Air-tightnessHaving high levels of insulation is only one aspect of minimising heat loss from buildings. However there is another aspect, equally as important, which needs careful consideration. This is unwanted ventilation / draughts.
Draughts can account for over 50% of the total energy used in a building, as heating systems compensate for the heat being lost to the outside from uncontrolled draughts. Furthermore, draughts can lead to additional problems:
Occupant discomfort, as air moves through spaces at variable rates.
Unwanted draughts through a construction can lead to condensation and mould growth, which in turn might degrade materials, reducing their lifespan. Subsequent mould growth could lead to poorer internal air quality, possibly causing respiratory related health problems.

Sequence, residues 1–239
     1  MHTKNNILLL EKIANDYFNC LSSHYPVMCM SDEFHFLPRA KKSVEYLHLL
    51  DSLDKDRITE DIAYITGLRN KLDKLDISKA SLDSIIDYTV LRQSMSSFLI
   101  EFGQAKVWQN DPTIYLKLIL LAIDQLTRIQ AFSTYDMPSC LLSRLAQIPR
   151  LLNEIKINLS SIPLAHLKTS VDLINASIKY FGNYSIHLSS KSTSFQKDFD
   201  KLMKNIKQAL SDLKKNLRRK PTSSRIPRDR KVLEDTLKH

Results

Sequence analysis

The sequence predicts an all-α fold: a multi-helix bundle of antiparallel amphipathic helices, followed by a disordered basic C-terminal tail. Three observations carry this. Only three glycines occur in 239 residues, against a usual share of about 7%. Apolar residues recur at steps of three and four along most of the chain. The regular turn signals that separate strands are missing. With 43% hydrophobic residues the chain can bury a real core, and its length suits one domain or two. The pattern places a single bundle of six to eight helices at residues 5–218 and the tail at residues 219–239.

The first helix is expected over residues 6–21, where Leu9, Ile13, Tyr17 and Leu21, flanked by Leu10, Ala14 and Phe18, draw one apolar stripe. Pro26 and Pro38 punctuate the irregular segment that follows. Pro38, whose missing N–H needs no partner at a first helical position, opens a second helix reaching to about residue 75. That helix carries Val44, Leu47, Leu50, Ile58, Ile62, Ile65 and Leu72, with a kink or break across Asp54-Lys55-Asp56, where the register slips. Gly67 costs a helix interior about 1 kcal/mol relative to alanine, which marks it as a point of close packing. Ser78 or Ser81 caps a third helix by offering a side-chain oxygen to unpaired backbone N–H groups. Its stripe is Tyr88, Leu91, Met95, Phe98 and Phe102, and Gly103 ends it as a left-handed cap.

It's important to stress however that ventilation is not a problem. In fact it can be a very good thing. Ventilation can help to control internal moisture build-up and replenish stale internal air with fresh outdoor air. Ventilation problems occur when there is no control over the ventilation source.
An example of a controllable ventilation source would be open-able windows and mechanical ventilation systems.
An example of un-controllable ventilation would be gaps around windows and doors.
At Fox Ecological Architects, we strive for high levels of building fabric air-tightness. Minimising all sources of un-controllable ventilation. Yet we purposefully design in controllable ventilation sources, to control moisture levels.
Methods of minimising un-controlled ventilation in new buildings include using high-performance air-tightness tapes and air-tightness layers or membranes, which wrap around the entire external envelope.
Air-tightness can be assessed using blower door measurements, where the building is pressurised to measure the flow of air through the fabric. Such measurements are required if seeking to achieve standards such as PassivHaus.